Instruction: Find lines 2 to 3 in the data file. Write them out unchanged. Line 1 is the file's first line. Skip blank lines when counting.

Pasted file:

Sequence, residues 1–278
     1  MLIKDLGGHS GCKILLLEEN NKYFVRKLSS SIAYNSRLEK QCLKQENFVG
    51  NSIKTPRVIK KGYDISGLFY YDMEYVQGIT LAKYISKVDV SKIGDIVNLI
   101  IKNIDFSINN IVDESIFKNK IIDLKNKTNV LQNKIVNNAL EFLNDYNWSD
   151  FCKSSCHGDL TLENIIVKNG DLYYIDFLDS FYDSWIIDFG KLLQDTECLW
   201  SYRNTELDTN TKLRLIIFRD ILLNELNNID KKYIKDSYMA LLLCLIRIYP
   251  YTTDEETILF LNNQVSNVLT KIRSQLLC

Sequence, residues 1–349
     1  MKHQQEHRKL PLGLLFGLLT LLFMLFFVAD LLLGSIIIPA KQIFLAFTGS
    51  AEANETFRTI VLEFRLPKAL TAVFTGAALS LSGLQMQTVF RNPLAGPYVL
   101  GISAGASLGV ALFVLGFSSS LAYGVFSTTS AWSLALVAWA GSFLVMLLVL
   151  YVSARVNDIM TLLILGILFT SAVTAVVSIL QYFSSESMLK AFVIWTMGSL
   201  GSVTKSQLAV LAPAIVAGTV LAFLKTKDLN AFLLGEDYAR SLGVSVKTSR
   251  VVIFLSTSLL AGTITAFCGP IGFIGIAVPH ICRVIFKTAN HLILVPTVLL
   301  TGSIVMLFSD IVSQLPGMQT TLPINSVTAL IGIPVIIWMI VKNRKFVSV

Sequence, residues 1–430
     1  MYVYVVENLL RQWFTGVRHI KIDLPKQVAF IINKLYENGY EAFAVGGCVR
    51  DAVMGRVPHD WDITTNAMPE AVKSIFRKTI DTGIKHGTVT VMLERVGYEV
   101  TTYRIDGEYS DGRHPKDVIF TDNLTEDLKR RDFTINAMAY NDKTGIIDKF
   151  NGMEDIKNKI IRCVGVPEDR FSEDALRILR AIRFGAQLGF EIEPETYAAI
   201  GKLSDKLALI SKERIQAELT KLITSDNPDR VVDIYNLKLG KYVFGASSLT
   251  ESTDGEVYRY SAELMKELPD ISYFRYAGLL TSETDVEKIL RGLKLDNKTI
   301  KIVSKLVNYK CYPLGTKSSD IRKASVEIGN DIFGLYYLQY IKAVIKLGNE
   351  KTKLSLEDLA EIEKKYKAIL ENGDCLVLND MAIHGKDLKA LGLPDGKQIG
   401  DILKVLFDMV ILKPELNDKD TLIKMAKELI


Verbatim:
     1  MLIKDLGGHS GCKILLLEEN NKYFVRKLSS SIAYNSRLEK QCLKQENFVG
    51  NSIKTPRVIK KGYDISGLFY YDMEYVQGIT LAKYISKVDV SKIGDIVNLI